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The smoking pipe has been around for ages. It is a very popular item and comes in many different styles from "The Gambler" to "The Churchwarden". I made a pipe just for the fun of another DIY out in the workshop. But, I do not smoke. There are plenty of ways to make a pipe. You could turn one on the lathe in two separate pieces and then fit them together, or you might want to carve it out of Briar wood and then just drill your way through from the stem to the other end. But, in this easy step-by-step instructable, we will cut two identical pipe shapes out of wood and use a Dremel to carve out the inside and then glue the two halves together.

Step 1: Cut out the pipe

 Print out the PDF file below on an 8 inch by 11 inch sheet of paper. Cut out the pipe stencil and trace it two times on a piece of wood that is 3/4 of an inch thick. When you trace the pipe, it is very important to make sure that the stem of it is parallel to the wood grain. If you trace it against the wood grain, the stem will be very fragile and will probably break. Next cut out the two pipe shapes. I used my band saw for this, but you could use a jig saw or whatever you have at hand.
<p>How do you insure the two outlines in step three are exactly in line so when you glue the two pieces together you do not end up with a staggered stem? </p>
<p>You can use woodprix instructions to build it yourself guys. </p>
<p>what is the size of your pipe?</p>
<p>Made it out of olive wood. </p><p>Thanx for the instructions and especially the template.</p>
<p>nice pipes!!, i wonder, which is the way to do the hole between the stem and the body?</p>
<p>wow! Very classy! Love that curly grain! No problem!</p>
<p>Don&acute;t you think that the glue (if no toxic when smoking) will go away with the heating and you will end with the pieces and the ashes in your hands?</p>
<p>I created my own pipe for smoking and used wood glue. After the first burn, all smell and remnants of the glue will disappear. I used a non-toxic craft glue actually but it holds up just as well</p>
<p>You have to remember that things which are labeled &quot;non-toxic&quot; generally don't cover burning. A non-toxic craft glue can very well be toxic when burnt. This is the case with PVA glues, you don't want to inhale burnt PVA, it's definitely not good for you.<br><br>If you want to make an actual smoking pipe go with briar or pear wood and use the tools for the job. There are plenty of styles of pipe you can do even with limited tooling, just takes more determination.</p>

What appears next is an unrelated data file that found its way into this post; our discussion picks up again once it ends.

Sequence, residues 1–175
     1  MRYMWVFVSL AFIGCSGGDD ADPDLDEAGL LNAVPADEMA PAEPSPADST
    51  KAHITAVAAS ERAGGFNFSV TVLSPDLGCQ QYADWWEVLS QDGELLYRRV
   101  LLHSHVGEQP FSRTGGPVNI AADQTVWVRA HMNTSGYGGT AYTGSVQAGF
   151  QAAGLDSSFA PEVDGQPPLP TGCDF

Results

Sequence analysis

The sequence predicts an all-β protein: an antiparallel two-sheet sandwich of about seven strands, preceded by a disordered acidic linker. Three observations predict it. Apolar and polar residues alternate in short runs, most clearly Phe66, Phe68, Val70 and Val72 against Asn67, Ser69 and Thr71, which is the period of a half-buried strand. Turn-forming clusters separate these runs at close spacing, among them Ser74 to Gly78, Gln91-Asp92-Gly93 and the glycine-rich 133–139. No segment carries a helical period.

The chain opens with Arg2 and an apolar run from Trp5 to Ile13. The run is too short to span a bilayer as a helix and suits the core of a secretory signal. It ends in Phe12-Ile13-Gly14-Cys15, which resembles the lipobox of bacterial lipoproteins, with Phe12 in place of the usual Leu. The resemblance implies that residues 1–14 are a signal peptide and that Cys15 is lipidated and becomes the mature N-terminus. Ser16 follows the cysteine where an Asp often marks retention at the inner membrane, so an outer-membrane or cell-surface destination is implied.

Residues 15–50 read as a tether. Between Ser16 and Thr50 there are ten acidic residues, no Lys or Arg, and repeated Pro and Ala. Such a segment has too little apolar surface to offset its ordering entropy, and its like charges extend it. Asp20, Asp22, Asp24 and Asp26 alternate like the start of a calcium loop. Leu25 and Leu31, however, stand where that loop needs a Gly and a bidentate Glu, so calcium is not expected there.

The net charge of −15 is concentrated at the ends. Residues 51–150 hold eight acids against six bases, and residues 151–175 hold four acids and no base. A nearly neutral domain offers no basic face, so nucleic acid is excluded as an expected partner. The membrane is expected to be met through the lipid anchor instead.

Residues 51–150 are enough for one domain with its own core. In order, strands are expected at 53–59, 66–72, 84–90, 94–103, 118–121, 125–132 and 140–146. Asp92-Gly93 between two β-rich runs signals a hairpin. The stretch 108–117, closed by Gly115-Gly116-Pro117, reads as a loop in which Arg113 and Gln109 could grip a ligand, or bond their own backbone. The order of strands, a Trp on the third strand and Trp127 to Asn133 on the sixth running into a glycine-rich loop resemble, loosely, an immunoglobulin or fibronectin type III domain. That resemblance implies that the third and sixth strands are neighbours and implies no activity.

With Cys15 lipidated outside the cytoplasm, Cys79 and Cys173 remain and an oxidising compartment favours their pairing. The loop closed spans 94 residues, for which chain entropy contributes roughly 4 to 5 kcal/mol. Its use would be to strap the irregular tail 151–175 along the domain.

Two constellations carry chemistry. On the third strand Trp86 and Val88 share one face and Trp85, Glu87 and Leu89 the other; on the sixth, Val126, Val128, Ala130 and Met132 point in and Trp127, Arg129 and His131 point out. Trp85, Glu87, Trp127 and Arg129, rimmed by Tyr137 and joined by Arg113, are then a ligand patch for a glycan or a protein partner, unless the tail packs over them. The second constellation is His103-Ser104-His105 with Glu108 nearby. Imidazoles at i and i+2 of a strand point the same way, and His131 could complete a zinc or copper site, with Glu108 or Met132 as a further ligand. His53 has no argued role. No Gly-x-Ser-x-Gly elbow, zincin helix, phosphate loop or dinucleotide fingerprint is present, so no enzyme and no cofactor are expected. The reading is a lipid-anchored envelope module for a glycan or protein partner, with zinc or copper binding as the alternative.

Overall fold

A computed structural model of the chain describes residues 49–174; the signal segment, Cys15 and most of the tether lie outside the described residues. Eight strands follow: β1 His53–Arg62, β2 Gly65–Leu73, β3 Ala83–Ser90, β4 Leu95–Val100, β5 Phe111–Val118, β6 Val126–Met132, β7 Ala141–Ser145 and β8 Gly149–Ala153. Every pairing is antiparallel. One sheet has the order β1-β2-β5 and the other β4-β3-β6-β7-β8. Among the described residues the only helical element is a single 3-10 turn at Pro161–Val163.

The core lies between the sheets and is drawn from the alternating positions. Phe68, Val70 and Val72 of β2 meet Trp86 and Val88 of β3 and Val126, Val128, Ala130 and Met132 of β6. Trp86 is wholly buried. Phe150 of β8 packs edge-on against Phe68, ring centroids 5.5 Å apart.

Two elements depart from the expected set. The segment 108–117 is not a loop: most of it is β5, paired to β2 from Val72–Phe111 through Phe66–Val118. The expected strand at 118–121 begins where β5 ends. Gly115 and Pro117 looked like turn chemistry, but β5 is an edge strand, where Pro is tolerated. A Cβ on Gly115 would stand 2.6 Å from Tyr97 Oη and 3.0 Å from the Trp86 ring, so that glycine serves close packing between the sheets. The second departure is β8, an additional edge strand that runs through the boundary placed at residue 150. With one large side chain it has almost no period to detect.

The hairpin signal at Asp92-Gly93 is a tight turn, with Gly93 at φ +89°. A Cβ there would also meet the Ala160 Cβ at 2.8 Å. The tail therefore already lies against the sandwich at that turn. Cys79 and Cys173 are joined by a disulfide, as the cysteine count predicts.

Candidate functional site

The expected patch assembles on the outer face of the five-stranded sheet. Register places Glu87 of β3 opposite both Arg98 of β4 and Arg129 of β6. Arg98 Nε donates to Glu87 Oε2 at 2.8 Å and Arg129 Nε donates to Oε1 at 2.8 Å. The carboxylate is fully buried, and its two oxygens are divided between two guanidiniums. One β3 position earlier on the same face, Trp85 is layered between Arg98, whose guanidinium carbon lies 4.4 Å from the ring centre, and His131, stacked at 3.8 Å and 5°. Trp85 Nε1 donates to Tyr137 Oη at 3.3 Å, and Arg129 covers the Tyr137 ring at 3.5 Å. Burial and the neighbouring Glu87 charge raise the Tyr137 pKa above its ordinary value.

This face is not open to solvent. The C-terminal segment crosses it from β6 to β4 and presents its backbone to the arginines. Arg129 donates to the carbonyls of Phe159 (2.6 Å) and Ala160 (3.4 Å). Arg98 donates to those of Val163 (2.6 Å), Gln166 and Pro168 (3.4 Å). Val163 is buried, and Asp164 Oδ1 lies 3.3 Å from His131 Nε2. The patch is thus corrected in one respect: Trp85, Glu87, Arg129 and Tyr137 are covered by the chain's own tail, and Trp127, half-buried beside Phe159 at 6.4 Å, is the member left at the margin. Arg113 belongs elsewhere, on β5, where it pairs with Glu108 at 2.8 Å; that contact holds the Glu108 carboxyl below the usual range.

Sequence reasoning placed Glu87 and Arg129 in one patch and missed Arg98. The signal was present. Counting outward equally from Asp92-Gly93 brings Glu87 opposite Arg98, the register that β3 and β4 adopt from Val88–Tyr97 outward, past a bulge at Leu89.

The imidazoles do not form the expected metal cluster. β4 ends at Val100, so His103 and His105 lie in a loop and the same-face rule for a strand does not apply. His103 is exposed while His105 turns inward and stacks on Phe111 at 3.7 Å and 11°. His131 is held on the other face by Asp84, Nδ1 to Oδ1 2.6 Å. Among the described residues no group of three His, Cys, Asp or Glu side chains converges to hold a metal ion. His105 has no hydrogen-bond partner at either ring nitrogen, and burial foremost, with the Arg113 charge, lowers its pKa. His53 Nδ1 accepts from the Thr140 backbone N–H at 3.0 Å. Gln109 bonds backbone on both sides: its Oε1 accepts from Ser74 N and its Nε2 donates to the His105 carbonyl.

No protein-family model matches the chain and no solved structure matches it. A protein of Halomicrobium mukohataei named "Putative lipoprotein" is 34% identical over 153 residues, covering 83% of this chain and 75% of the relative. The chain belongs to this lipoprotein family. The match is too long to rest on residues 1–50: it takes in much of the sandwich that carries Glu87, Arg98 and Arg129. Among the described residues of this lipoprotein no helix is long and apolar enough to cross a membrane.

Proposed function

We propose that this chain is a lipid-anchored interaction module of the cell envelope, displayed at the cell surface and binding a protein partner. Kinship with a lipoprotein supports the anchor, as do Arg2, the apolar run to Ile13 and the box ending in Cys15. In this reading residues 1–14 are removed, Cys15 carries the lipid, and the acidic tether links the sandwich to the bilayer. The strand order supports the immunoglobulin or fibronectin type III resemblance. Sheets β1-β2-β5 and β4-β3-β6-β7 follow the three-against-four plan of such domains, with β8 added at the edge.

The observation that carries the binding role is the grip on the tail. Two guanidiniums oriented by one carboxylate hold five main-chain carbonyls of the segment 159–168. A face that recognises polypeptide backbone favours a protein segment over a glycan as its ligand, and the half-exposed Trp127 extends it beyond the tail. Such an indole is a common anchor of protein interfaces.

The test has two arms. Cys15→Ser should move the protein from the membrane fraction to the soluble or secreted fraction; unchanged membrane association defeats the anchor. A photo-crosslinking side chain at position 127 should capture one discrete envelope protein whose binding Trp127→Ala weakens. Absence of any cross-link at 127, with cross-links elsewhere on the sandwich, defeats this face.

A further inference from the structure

<p>I HAVE SAID THIS LIKE A MILLION TIMES NOW......I AM ONLY USING THIS AS A PROP! IT NEVER EVEN WENT INTO MY MOUTH LET ALONE ACTUALLY LIT!</p>
<p>If you look I was actually not replying or commenting to you or your instructable but to a comment made by someone else. So please, take a chill pill.</p>
<p>So is there any glue that can be used that would be safe? <br>While there are steaming and bending techniques for curved stems, this type of pipe making would allow a lot more flexibility of design. <br>Perhaps making the bowl out of one piece and then attaching the stem since the stem has to deal with a lot less heat than the bowl. </p>
<p>Some sort of non toxic craft wood glue would probably work. I only used this as a prop. it was never even lit so I wasn't worried about staining and gluing</p>
<p>For sure, there are definitely glues that can be used, glues which are meant to be used in high temperature applications, PVA or regular wood glue is not an option there. There are already pipes out there which are made from composite materials, such as Brylon which is essentially just wood dust and nylon bound together, or the Stiff pipe which is a plastic pipe.<br><br>However, as I've only bothered with making pipes using proper materials I have never actually researched what exact adhesive to use when fixing or making pipes. So unfortunately I cannot give you any names.</p>
<p>Well, like I said, I do not plan on smoking this pipe. But I've done a little research and watched a few other videos and tutorials on how to do this and a lot of them use wood glue. Thanks :)</p>
good job....nice work...
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<p>hahahaha where did you get treated wood from? I never said anything about treated wood. this was just a random common board. My own safety is my own concern. Your safety is your own concern. If you think anything in this tutorial is dangerous, then just don't do it. There is no need to tell me how to do my job. Enjoy the fruit!</p>
Really nice work. I read the comments re: toxicity of the stain, glue, etc. (and I thought the same thing when I viewed those sections). Of course, the staining/finishing could be avoided altogether, and I bet you could modify the joining of the two parts in such a way that you avoid chemicals...perhaps you'll come up with a cool variation of this to address that? I would definitely love to see it. Thanks for sharing!
<p>UGGHHHHH.......I have said this a million times..........I ONLY AM USING THIS AS A PROP.........IT NEVER EVEN WENT INTO MY MOUTH OKAY. IF I WANTED SOMETHING FOOD SAFE I WOULD HAVE TURNED A PIPE ON MY LATHE AND FINISHED WITH MINERAL OIL.</p>
maybe he could use brass rods. that would make a fine/interesting looking pipe :)
<p>very nice</p><p>i like the ones with stem:</p><p>www.amzn.com//B00LBCVLGI</p>

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Bio: I love woodworking and making fun stuff on the lathe, I really enjoy making stuff and posting it on this website, and I love the ... More »
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